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Wholehearted Repair

07/28/2021 09:52:35 AM


I spend a majority of work as a Rabbi toiling in the vineyards of healing.  That doesn’t mean that I completely or usually succeed.  But, when it comes down to it, it feels like the driving force within Judaism, and the subsequent raison d’etre of a Rabbi, is to seek and pursue healing.  Healing rifts.  Overcoming and perhaps smoothing tensions.  Finding equanimity within one’s persona, one’s psyche.  Wrestling with what Milan Kundera called, l’insoutenable legerte de l’etre, the unbearable lightness of being, that seems to flow through so much of our ancient texts and rituals, and especially comes to the fore as we conclude one Jewish year and commence with the next.

The last year+ has been wholly difficult and challenging in ways that have weighed upon all human beings.  The inevitable intimacy of humanness has been thrust upon us, as well as the concomitant discovery of how foreign so many of us seem to each other, presents a dichotomy that tears at the fabric of our interconnectedness.  We humans are powerful, and our ability to affect the world around us grows with each new innovation, in each new ensuing epoch.  But we suffer so much with containment.  We struggle with discernment.  We forget that while survival may indeed be a dominating trait of humanity, connection is not always served in its wake.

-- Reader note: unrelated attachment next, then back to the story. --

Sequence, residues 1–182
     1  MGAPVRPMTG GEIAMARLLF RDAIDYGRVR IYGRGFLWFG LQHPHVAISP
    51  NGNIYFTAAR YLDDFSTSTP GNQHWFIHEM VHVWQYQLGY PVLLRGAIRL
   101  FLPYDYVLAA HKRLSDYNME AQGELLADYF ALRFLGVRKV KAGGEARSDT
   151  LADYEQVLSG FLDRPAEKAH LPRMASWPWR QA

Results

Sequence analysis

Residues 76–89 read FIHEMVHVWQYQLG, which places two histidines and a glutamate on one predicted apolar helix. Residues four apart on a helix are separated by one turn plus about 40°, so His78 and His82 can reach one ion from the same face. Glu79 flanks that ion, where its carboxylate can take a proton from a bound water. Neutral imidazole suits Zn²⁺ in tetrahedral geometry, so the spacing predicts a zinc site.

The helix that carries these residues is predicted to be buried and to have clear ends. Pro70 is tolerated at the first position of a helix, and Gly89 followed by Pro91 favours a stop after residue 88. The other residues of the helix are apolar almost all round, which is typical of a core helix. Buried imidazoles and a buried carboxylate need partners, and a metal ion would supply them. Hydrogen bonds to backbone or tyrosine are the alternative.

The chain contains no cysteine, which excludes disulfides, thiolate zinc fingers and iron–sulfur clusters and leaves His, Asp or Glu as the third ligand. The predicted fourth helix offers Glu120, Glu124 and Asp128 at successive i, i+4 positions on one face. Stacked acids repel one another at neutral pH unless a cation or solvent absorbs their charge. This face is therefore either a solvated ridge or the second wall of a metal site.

Anne Lamont writes in Plan B: Further Thoughts on Faith, There's a lovely Hasidic story of a rabbi who always told his people that if they studied the Torah, it would put Scripture on their hearts. One of them asked, "Why on our hearts, and not in them?" The rabbi answered, "Only God can put Scripture inside. But reading sacred text can put it on your heart, and then when your hearts break, the holy words will fall inside.” 

This Yom Kippur afternoon, we will present a wholly new and, I believe, inspiring “healing” service entitled, “Wholehearted Repair.”  I put the word, healing in quotes because I am no longer sure we can offer it.  Not that I don’t seek healing for you, for our world, for myself, but it feels, after this past 15 months, that perhaps our focus needs to be on repair – tikkunTikkun is the mandate we inherit from our origins – we, each of us, is infused by God’s spirit and yet we are anchored to the earth; to me, this means we are invited into the best of both worlds.  We can connect with the soulful aspects of ourselves with the shutting of eyelids, focused breathing, and slowing down.  And God is there, the moment we open the door.  And we can as well, with the lifting of our eyes, breathe into our presence for someone else, and take a beat to notice the suffering of others.  “Wholehearted Repair” will provide you with an hour on Yom Kippur afternoon to re-imagine the repair you wish to take up in the world, and the invitation to count your blessings for the repairs you have witnessed and made happen.  With powerful music, engaging poetry, and guided meditation, we will uncover our aim towards repair for the year to come. 

I am very grateful to Rabbi Laura Sheinkopf, Cantorial Soloist Hannah Madeleine Goodman, Holly Hunsicker, and Ann Friedman for their guidance, proofing and participation in making this new addition to Yom Kippur a meaningful way to recognize the year and a half behind us and the many years ahead.

Wed, August 17 2022 20 Av 5782